NEWS

Drones Can Take Infrastructure to New Heights

06 Jul 2021, Posted in All Posts, Blog Posts

When most people think of drones, they usually picture cool aerial shots streamed on YouTube or advanced military technology. But drones have much wider applicability, including for building and maintaining the world around us. Nowadays, drones are becoming more and more commonplace for infrastructure needs. Whether it is inspecting the tallest wind turbines or tracking hurricane damage, drones can serve a great purpose.

The most important factor that drones bring to the table is safety. With drones, areas and objects can be inspected at much lower risk. Instead of sending people to potentially collapsing bridges or unsteady electrical grid facilities, drones can make the trip instead. Not only do drones minimize the risk of human injury, but they are also cheaper and more efficient as well. Data can be gathered quickly and efficiently, which gives more time to come up with solutions.

Many pieces of infrastructure have to be inspected regularly, which can add up costs immensely, especially because it is just looking for the problems- not even counting the actual solutions. Wind turbines, utility towers, railways, roads, and air transport infrastructure all require regular maintenance in order to keep things safe. Drones can help lower the cost of these inspections, as it gives the opportunity for inspection without actually sending any people out. In this way, drones can do work faster and may even utilize high-definition cameras and artificial intelligence to scan areas and process information more ably than humans on the ground.

According to the 2016 Clarity from above report by PricewaterhouseCoopers (PwC), the applications for drones addressing infrastructure will account for $45.2 billion. The market of drones is especially important in the power and utilities sectors. Although huge drone investments may seem expensive on the front end, it is projected to save more money in the long run, as this booming market will lower costs of hiring humans to do the work instead.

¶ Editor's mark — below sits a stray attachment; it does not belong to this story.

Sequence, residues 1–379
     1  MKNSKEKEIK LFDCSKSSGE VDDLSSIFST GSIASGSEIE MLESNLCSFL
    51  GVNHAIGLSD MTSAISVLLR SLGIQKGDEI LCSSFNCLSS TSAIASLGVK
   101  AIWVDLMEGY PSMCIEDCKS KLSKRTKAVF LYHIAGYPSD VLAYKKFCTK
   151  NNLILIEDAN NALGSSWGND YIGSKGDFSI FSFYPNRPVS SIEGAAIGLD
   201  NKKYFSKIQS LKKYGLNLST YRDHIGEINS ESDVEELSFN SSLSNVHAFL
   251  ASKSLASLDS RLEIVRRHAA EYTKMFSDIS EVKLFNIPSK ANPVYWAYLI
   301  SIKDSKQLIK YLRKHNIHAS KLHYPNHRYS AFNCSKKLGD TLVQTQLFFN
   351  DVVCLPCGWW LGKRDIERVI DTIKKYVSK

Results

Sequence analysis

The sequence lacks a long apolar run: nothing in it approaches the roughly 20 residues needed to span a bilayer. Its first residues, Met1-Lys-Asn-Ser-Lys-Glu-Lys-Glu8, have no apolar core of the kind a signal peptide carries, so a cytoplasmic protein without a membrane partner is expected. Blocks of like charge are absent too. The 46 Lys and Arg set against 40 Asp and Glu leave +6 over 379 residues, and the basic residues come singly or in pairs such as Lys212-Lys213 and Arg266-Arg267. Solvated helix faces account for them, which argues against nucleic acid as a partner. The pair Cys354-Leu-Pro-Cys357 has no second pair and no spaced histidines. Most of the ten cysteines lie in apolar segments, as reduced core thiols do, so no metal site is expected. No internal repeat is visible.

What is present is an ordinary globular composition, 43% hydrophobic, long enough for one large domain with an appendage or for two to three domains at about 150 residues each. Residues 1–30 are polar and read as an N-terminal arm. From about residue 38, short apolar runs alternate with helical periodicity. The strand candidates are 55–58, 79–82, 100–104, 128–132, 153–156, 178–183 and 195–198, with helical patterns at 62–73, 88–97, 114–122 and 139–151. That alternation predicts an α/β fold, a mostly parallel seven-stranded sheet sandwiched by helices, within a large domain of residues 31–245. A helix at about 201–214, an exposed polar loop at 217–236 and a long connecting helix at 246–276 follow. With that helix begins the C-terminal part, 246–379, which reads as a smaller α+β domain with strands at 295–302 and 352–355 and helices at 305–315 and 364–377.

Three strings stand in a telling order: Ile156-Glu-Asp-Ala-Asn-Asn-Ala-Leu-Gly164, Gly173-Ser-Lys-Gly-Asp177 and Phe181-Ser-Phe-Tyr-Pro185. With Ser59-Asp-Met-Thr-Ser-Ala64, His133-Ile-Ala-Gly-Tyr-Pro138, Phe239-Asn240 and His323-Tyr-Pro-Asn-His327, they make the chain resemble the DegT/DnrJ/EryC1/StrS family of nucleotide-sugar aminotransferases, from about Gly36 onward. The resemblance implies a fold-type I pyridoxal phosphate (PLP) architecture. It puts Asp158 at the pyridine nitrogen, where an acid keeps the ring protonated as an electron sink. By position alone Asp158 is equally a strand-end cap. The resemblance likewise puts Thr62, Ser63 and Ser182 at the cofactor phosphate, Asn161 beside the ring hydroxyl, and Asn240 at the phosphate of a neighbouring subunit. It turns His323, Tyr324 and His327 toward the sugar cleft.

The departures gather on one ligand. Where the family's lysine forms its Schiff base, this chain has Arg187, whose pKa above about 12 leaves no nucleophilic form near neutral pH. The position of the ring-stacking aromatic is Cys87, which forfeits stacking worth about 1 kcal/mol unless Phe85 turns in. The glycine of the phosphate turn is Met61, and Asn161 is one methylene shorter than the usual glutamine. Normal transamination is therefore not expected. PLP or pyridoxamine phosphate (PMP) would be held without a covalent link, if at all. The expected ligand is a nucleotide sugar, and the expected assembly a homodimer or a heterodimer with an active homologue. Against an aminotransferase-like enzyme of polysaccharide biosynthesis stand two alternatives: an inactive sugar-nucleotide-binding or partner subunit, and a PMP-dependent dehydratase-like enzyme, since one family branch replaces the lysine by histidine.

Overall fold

One industry that is on the rise in drone infrastructure is the agricultural industry. Agriculture obviously needs lots of space, and sometimes it is not possible to be able to get everything done in a timely manner. That is where drones come in. Drones have become part of precision agriculture, a practice that has been especially popular as the world’s population grows.

According to Sustainable America, precision agriculture is the use of new technologies to increase crop yields and profitability. By surveying land from above, farmers and ranchers can plan and optimize space, then use drones to disperse seeds, fertilizers, water, insecticides, and more. These new technologies are helpful in lowering costs for water or fertilizer, in order to farm more efficiently. Drones can help in being more precise, whether that is planting patterns or potential flooding areas.

Speaking of precision, drones are even being used for reforestation! Flash Forest is a reforestation company that uses ecological science to regenerate ecosystems on a global scale. Their mission is to plant 1 billion trees by 2028 using drone technology. Flash Forest’s website reads “that with drone engineering, we bring new levels of accuracy, precision, and speed to the reforestation industry.”

Drones can even help with firefighting, whether it is in the city or a wildfire. Drones have become incredibly impactful in the safety and recovery processes of wildfires. National Geographic has highlighted the importance of drones with thermal imaging to map the fires, as sometimes human piloted aircrafts are not safe due to the smoke and fires. Drones can easily see where fires have gone, where they have been, and potentially where they are headed to. This time-saving mechanism is a key factor in saving lives.

Drones may seem a bit intimidating, since their reputation usually consists of military technology and threats. But there are more positive impacts that drones can give and helping build, maintain, and monitor infrastructure is only the start.

 

Written by Emma Smith, Communications Intern